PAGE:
Road maintenance key
Published On January 29, 2016 » 889 Views» By Davies M.M Chanda » Features
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Yes, Zambia has undergone tremendous change in every aspect of human endeavour since attaining political independence from Britain on October 24, 1964.
But potholes and corruption were alien to our culture then. It was not easy though but things were manageable….
This is what came to mind when I reflected on the prices of various commodities as I drove past what used to be known as Peart and Sons Motor Vehicle Dealers, which in the 1970s was located on Ndola’s President Avenue directly opposite the current Puma Filling Station.
Prices of most goods and services were relatively low nearly everyone in active employment or small-scale businesses could afford to pay in cash or save in order to buy whatever he/she wanted, including motor vehicles.
Hire purchase facilities were also available to customers who could afford to pay only by monthly bank installments.
Having said that, I would like to let the readers know that this write-up is not about prices of various goods and services in post independence years, but it is an attempt to show in part that the prices of motor vehicles were generally not as prohibitive as they are today.
Can you imagine buying a brand new car for as little as K1,500? Yes, I managed to get one after raising K750 deposit.
As indicated above, this write-up is also meant to demonstrate that although most roads were smaller then they were however smooth due to regular maintenance by district councils or the government’s Public Works Department (PWD) as it was commonly known, especially in the Federal days (1953-1963).
Copper mining companies NCCM and RCM on the Copperbelt also ensured that roads in residential and plant areas were regularly maintained.
As a result, the word ‘pothole’ was virtually non-existent or unknown to most of us.
But now it is as ‘famous’ as the hard-to-come-by Kwacha. Why?
By the way before I could buy ‘the car of my dream’, I was told in no uncertain terms by the car dealers that I had to produce a driver’s licence first or forget it because they never sold to unlicensed drivers.
So I had to go to a local driving school along Chisokone Road called Blue Monday before obtaining my driver’s licence from the Ndola City Council (NCC) in September, 1971.
Owned by a Zimbabwean ‘exile, Blue Monday driving school was located at an open space where the new Bus Station, which is opposite Shoprite/Pick ‘n’ Pay, has been built.
Under close supervision of government-appointed inspectors, instructors played by the rules.
Some would vanish after accepting the trainee’s ‘mandatory’ cash deposit, but when they resurface, their training was unquestionably of a high standard. Charlatans were few.
I must confess that I twice failed my driving test – which included ‘uphill parking’ and ‘emergency braking’ – not because officials wanted me to grease their palms. Policy implementation/enforcement was strict; driving school instructors were strict; examiners were strict; and even traffic police officer were strict.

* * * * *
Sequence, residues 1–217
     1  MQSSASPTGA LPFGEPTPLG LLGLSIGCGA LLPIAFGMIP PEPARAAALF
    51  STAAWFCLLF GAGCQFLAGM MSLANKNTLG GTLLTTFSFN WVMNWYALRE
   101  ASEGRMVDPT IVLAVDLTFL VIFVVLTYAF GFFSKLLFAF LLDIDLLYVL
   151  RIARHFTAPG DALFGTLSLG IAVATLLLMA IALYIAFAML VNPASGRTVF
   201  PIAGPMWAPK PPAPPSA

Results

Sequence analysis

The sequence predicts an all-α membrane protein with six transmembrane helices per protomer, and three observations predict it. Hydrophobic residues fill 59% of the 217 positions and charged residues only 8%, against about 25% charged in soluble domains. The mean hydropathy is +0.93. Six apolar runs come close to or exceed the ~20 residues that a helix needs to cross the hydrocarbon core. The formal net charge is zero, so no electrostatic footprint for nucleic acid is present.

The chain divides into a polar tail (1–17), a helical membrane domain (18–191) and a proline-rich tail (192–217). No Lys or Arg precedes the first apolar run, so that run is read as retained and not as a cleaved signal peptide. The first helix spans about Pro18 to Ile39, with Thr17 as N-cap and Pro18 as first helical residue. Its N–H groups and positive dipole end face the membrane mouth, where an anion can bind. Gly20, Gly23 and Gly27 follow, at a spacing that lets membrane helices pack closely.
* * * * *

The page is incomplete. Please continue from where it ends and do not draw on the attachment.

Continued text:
Every stakeholder was simply strict. Hence road accidents and fatalities were few. The country’s population was also relatively small, about four million then.
But the picture is now totally different because we (as a nation) seem to have lost the plot. Some officials want you to ‘do something’ before they can serve you the customer, the taxpayer.
On my way to what used to be Chilanga Cement in Ndola recently, someone said something that I thought had some ring of truth. Few people and even industry captains with the financial muscle seem unwilling to take responsibility.
For example, during my learner-driving days, my private instructor, Geoff Cole, a former Northern Technical College (Nortec) lecturer often took me on the Chipulukusu (now Mapalo)-Chilanga-Chiwala-Ndeke road for my driving practices.
Geoff preferred this route because it was not only quiet in terms of traffic volumes, but it was also tarred from the Chilanga-Kabwe Road T-junction while the old gravel section near the Ndola Boating and Sailing Club was regularly graded.
But I found driving on this route for the first time in nearly 35 years two weeks ago a nasty experience. It pained me because this road (part of which leads to nearby Chiwala Secondary School that produced leaders like the late President Levy Mwanawasa and former vice president Christon Tembo) is no longer as passable as it used to be in the 1970s.
This is despite the fact that many local and foreign entrepreneurs have set up their brick-making, cement and lime manufacturing plants along this road which, if properly maintained, could be a vital artery for motorists/transporters seeking alternative routes into the City of Ndola particularly from East Africa, central Zambia and beyond.
Upon inquiring I was informed that some ‘investors’ were unprepared to spend their resources on such maintenance because they pay taxes to Government so they were waiting for the ‘Government to repair the road’.
I found this state of affairs unfortunate because road users – transporters and ordinary citizens who buy some of the essential building/construction materials they need like cement, lime, sand and stones – are suffering, as their vehicles get damaged due to the poor state of the road. It has developed so many potholes driving on it is almost impossible.
It was, therefore, pleasing to learn that at least one of the companies in Ndola’s ‘new economic zone’ helps in ensuring the stretch between the old Chilanga Cement factory and Chipulukusu railway crossing is graded at frequent intervals. It is rocky but navigable.
Aware of Government’s ambitious road construction and rehabilitation programme, I remembered a story I wrote three years ago for a publication based in Gaborone, entitled: ‘Road network: Zambia takes a leaf from Botswana’.
The report read: ‘The ruling Patriotic Front (PF) party of Zambia seems to be following in Botswana’s foot steps in its concerted effort to link various parts of this vast Southern African Development Community (SADC) nation with a modern and durable road network.
The country’s Minister of Finance Alexander Chikwanda told Parliament that K6.07 billion, or 14.2 per cent of the Budget, has been allocated to the transport sector to construct, rehabilitate and maintain road, rail, water and air infrastructure. He said K5.13 billion of this amount is earmarked for the Link Zambia 8000 Programme, Pave Zambia 2000 project, the Lusaka 400 project and feeder roads in the rural areas.